In the days before baguettes were popularized as day-old jousting batons, the dignified breadform was utilized as a sandwich vessel. To preserve the antiquity of the baguette, the friendly bakers at Cocola fetch them straight from the oven on a daily basis and build graspable sandwiches of the highest quality, such as the albacore tuna nicoise (with a lemon vinaigrette, $9.90) and the hearty grilled eggplant (with fresh veggies, mozzarella, and an olive oil and balsamic blend, $9.90). A sandwich is an intelligent way to get the hunger ball rolling down the hill until it crashes into an array of sweet menu treats. Indulge in tri-colored mousse cups ($4.60) and whipped and stacked hazelnut cakes ($4.60), or nourish your petite palate with pear tarts ($2.80) or bite-sized tiramisu ($3.10).
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      Dolce and Salato

      San Francisco (2416.5 mi)
      Dolce & Salato’s chefs strike a delicate balance between Italian charm and Californian sustainability, drawing from a palette of in-season ingredients culled from local vendors to orchestrate a menu inspired by the entrenched culinary traditions of Northern Italy. The café proves ideal for a quick cappuccino break, a leisurely breakfast, or a lunch paired with a glass of Italian beer or wine. Flowerboxes and sidewalk tables situate patrons in prime people-watching positions at the Presidio Heights location, which also hosts a wood-paneled dining area bathed in light that radiates from garden windows and the friendly wait staff’s smiles.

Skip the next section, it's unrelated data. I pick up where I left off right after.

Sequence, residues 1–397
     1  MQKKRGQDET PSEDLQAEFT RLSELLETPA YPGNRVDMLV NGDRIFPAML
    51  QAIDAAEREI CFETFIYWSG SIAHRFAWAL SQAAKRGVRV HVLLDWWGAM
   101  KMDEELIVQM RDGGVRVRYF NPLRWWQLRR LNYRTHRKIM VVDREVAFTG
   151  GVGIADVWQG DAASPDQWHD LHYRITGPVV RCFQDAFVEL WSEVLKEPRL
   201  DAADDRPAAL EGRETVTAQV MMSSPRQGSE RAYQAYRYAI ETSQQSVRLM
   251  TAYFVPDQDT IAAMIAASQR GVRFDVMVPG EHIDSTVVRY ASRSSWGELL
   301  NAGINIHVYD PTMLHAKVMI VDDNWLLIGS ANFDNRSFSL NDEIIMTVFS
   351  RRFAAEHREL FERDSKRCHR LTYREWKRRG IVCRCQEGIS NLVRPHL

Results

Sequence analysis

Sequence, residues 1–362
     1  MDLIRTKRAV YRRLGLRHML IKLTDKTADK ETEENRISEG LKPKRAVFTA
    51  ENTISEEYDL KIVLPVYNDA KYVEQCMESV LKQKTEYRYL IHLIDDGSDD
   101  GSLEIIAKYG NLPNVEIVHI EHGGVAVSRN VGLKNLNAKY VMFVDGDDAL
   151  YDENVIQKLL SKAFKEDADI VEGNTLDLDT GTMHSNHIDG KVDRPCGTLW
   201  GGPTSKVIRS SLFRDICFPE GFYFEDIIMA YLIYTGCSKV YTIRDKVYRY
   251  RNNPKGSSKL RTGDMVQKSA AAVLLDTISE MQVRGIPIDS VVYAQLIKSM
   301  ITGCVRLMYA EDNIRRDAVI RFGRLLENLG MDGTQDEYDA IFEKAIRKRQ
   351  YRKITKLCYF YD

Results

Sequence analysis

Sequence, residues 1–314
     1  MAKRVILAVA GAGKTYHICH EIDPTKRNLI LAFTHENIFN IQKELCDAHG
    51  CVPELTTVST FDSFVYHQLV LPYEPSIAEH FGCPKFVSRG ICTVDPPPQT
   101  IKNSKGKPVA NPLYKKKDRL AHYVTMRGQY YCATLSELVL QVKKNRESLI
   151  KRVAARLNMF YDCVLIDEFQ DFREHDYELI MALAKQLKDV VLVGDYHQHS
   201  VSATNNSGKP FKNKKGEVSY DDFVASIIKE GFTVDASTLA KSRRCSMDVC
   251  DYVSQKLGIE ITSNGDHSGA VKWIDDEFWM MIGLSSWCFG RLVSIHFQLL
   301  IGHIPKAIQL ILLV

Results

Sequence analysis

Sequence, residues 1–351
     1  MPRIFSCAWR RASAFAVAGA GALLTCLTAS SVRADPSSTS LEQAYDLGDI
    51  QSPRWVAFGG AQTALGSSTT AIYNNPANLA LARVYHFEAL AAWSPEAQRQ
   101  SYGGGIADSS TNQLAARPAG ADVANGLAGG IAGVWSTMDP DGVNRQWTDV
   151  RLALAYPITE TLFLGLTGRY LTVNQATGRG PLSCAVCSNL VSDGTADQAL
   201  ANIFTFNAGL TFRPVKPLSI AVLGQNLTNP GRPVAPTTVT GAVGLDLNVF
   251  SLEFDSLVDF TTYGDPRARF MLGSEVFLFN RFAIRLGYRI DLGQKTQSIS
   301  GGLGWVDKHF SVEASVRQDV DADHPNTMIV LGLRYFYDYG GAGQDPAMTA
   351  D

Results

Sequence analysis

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      Spike's Coffees and Teas

      San Francisco (2416.1 mi)